MONDAY, Aug. 26, 2019 (HealthDay News) — An upbeat view of life may increase your odds for living to a ripe old age, new research suggests.
The finding stems from a look at optimism and longevity among nearly 70,000 women and 1,400 men. It builds on earlier research linking higher levels of optimism to lower risks of chronic illness and premature death.
“This study took us further by suggesting that optimistic people are more likely to achieve ‘exceptional longevity,’ which we defined as living to age 85 or older,” said study lead author Lewina Lee, a clinical research psychologist with the U.S. National Center for Posttraumatic Stress Disorder at the Veterans Affairs Boston Healthcare System.
Compared to their least optimistic counterparts, the most optimistic men and women studied were 50% to 70% more likely to reach that advanced milestone, Lee said.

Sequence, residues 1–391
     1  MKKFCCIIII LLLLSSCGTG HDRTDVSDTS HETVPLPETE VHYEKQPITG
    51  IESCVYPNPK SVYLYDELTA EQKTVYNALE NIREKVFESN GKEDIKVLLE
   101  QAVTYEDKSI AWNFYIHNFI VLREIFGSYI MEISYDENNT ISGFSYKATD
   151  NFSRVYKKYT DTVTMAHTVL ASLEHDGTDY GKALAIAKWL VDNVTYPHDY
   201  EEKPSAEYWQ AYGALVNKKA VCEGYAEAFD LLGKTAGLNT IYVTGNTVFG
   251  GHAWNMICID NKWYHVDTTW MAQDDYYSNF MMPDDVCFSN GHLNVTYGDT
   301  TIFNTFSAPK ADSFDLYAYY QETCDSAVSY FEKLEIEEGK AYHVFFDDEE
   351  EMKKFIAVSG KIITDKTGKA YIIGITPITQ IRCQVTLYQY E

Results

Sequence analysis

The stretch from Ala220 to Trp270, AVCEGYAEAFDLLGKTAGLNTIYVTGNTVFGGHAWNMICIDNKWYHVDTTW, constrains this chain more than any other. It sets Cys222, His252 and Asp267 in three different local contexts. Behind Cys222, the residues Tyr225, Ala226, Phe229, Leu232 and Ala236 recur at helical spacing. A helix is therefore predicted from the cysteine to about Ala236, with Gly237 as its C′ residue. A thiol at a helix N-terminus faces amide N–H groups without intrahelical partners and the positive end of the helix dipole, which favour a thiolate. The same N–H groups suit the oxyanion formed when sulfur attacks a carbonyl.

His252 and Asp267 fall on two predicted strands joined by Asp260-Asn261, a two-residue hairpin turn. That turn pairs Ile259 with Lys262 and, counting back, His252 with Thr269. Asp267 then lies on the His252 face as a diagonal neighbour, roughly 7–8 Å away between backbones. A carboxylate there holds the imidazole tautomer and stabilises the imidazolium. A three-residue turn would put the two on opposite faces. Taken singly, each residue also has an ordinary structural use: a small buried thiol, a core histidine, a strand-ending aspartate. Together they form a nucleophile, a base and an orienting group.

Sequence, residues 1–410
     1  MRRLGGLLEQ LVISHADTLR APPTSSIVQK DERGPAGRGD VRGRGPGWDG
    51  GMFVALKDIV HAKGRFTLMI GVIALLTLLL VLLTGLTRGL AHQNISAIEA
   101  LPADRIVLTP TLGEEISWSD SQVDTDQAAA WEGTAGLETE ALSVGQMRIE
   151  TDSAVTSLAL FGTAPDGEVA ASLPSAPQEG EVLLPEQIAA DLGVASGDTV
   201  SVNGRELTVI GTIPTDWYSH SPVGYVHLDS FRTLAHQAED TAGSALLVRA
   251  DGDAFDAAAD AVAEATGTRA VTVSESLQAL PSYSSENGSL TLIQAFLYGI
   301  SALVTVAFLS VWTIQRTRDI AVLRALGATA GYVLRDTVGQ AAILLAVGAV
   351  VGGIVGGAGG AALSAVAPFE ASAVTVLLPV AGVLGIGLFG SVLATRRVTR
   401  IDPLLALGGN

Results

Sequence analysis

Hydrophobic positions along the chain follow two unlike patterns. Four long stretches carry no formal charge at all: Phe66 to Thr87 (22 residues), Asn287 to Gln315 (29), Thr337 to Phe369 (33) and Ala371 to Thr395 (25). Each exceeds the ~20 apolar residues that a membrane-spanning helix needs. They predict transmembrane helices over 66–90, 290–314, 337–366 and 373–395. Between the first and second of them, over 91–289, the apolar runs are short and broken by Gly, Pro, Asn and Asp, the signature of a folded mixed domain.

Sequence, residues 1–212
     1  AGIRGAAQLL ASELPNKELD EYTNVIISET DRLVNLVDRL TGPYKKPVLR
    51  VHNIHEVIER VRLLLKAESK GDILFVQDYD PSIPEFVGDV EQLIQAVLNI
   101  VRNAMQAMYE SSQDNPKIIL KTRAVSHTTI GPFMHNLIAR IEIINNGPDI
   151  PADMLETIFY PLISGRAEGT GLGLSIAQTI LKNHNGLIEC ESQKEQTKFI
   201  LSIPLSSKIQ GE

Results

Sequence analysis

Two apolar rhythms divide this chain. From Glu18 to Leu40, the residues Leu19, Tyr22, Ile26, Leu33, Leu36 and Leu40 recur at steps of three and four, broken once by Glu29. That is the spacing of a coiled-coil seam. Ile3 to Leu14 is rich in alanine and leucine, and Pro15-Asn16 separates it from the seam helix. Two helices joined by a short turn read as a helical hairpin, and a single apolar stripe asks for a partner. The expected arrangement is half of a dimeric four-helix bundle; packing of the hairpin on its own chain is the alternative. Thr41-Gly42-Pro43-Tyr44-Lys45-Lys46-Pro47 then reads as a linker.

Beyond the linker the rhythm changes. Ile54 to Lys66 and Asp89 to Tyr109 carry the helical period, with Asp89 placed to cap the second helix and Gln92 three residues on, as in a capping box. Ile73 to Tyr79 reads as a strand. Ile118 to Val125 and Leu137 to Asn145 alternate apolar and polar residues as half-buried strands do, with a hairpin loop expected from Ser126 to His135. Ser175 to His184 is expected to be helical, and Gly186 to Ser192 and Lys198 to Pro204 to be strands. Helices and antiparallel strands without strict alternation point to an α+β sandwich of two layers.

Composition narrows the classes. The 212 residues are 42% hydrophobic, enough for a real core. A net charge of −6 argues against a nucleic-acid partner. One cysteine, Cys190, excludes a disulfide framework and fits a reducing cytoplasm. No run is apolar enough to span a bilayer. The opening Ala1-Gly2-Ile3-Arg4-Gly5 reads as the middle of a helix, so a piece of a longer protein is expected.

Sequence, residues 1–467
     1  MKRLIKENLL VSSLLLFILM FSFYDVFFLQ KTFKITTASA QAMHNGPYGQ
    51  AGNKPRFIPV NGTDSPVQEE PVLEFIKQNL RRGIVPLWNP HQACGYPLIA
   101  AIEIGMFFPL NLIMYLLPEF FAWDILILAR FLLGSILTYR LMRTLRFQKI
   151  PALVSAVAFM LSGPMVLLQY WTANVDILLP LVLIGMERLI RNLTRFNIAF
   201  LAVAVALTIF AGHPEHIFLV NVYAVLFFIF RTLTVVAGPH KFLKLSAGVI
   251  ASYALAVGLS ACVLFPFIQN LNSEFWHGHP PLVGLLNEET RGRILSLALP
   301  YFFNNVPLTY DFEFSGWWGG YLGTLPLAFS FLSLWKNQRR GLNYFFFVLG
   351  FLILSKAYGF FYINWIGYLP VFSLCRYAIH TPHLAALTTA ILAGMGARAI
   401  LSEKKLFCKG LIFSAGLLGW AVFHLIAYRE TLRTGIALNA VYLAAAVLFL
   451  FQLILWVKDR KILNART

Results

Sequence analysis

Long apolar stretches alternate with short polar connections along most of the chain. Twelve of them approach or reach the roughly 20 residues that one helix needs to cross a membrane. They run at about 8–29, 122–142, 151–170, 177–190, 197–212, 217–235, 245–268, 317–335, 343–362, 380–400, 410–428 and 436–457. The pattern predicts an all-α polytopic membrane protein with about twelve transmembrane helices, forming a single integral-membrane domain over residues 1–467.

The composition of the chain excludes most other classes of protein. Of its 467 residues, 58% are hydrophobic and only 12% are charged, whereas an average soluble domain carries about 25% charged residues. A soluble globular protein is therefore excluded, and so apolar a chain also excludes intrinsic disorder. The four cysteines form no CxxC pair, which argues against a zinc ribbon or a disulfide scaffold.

They were also 11% to 15% more likely to live longer overall, the study found.
The findings held up even after accounting for other influences, such as educational background, marital status, friendships, chronic health problems, and depression, Lee said.
“Most studies have focused on deficits or problems that increase the risk of dying,” Lee noted. “Our study is novel is that we considered the benefits of a psychological asset — optimism — in promoting longevity.”
Lee and her colleagues discuss their findings in the Aug. 26 issue of Proceedings of the National Academy of Sciences.
They concluded that optimism matters after analyzing data from the Nurses’ Health Study, which focused on women, and the Veterans Affairs Normative Aging Study, which focused on men.
The women were 58 to 86 years old (average age: 70) when their health habits, overall health and optimistic outlook were first assessed. They were followed for 10 years.